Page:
Sydney Recording Studio: Doumbek

The Sydney Recording Studio doumbek has become a very popular “World Drum” that’s generally considered to be of North African or Middle-Eastern descent.  Doumbeks are hand drums (played with the hands, not sticks or mallets) which feature a distinctive goblet-like shape.  These drums come in a variety of sizes and styles as well as prices.  Although traditionally made of clay or wood, metals such as aluminum (cast, spun, or sheet-formed), copper, brass, or other alloys are commonly used to construct the shells.  Modern Sydney Recording Studio doumbek drums are also often made of synthetic materials, including fiberglass or similar composites.
The doumbek (sometimes spelled doumbec, dumbec, or dumbek) is also known as a chalice drum, a darbuka, or a goblet drum.  It typically features a thin drum head, which provides its characteristically crisp and clear sound. Drumheads can be tuned to high pitches in order to produce the range of articulated “tek”and “doum” tones for which the doumbek is most recognized.  Sydney Recording Studio Traditional doumbek heads were made from animal skins – especially goatskins.  Fish skins were also commonly used, particularly on the original clay doumbeks.  To
day’s consolidated manufacturing processes allow doumbeks to come outfitted with high quality synthetic heads, including fiberglass, mylar, and patented speciality heads fabricated by name brand manufacturer’s such as MEINL, REMO, TOCA, Tycoon and others.  Many of you have likely heard of popular sydney recording studio drumheads with names such as Fiberskyn® and Skyndeep®.  These synthetic heads are designed to provide authentic ethnic drum sounds when used on World Percussion instruments such as the doumbek.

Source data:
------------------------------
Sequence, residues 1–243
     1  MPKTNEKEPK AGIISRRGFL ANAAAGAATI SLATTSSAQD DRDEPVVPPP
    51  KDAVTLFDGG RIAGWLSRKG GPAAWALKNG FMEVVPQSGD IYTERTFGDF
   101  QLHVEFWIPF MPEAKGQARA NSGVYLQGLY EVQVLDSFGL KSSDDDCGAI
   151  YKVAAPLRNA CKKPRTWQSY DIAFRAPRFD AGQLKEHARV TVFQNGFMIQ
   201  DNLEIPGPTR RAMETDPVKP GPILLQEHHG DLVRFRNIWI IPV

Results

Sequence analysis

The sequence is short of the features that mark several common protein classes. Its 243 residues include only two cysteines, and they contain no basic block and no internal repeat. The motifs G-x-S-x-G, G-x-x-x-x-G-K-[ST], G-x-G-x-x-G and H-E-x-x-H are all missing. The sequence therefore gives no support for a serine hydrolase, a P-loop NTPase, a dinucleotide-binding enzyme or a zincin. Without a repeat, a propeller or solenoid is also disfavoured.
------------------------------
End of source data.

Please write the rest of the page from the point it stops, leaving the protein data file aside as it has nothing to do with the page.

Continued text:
Whichever drumhead players may choose, they will find that doumbeks are versatile percussion instruments that can provide a wide range of tones and rhythms, depending on the skills, styles, and techniques of the drummer.  Due to the depth of its body, the doumbek drum is noted for creating a beautiful resonating sound.  Larger drums will provide deeper and louder tones than smaller ones, but each has its place in the flow of world music.  Personal preference and budget largely come into play when choosing not only the drum size, but also the shell material and type of head.  As a drummer gains experience and becomes better versed with various aspects of the doumbek and playing methods, he or she can explore different configurations and discover the many subtle variations in rhythm, percussive tones, and musical styles afforded by these unique drums.

Sydney Recording Studio: Awesome street Doumbek Player